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Standing on the roof makes you age faster

Believe it or not, standing on the roof of your building could make you age faster than standing on the ground floor.

Research has revealed that Einstein’s theories of relativity affect earthbound distances and time frames, which simply put means, a clock speeding away from an observer will appear to tick slower than a stationary clock.

The equations of relativity also predict that gravity similarly slows down, or dilates, time.
“So if you are experiencing stronger gravitational pull, then your time is going to go slower,” said James Chin-Wen Chou, National Institute of Standards and Technology.
Using two ultra precise atomic clocks, Chou and colleagues showed that lifting one clock by only about a foot (33 centimetres) above the other creates enough of a gravitational difference that the higher clock ticks slightly faster.

However, the NIST scientists note that these effects are much too small for humans to perceive directly-adding up to approximately 90 billionths of a second over a 79-year lifetime.

Allergies a consequence of asthma, not cause of it

A new genetic study has revealed that allergies are an outcome of asthma, not a cause of it. Scientists have also found seven genes linked to the development of the ailment, which could lead to new treatments.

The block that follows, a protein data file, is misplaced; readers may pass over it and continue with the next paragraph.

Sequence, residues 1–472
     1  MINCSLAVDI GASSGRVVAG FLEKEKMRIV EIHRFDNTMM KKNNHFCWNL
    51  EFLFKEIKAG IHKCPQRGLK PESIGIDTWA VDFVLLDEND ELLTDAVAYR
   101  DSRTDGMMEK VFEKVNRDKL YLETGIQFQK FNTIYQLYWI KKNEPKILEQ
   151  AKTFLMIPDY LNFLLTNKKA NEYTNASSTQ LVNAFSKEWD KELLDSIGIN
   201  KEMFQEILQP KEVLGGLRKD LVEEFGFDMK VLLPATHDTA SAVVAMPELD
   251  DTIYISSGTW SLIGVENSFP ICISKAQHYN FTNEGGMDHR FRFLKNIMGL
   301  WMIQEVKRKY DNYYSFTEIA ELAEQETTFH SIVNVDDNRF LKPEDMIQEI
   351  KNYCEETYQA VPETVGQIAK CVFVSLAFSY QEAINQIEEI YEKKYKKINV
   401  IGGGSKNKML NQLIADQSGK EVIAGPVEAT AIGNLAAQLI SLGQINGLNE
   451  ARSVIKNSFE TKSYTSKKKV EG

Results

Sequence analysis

Researchers from Imperial College London and colleagues around the world carried out more than half a million genetic tests on 26,000 subjects. The findings have suggested that allergies are a consequence of asthma, which causes damaged airways. They also found that adult-onset asthma and childhood asthma were different diseases.

But the head of respiratory and environmental epidemiology at the Woolcock Institute in Sydney, Guy Marks, said he did not think the study had definitively shown that allergies were a consequence of asthma, not the cause. “That is the conclusion the authors have drawn but I would be a bit more cautious.”

He believed this type of research — including other genetic studies of asthma being conducted among Australians — might lead to better-targeted treatments and ways to prevent asthma in the first place.

Insulin spray could treat diabetes of the brain

New studies are showing that insulin could play a key role in treating ‘diabetes of the brain’.

Many experts have held Alzheimer’s disease akin to diabetes of the brain. The theory is that the aging brain also can develop insulin resistance or suffer from a dwindling insulin supply, damaging neurons and contributing to the widespread destruction of mind.
“It was about 30 years ago that Suzanne de la Monte at Brown introduced the idea of Alzheimer’s being diabetes of the brain ... Now, it’s coming back,” said Howard Chertkow, McGill University.

Dr de la Monte injected rats with an antibiotic that happens to block insulin, to give the animals ‘diabetes of the brain’. But the post mortems revealed that the rats’ brains were riddled with dead cells, plaques and tangled nerve fibres — a sign of Alzheimer’s.

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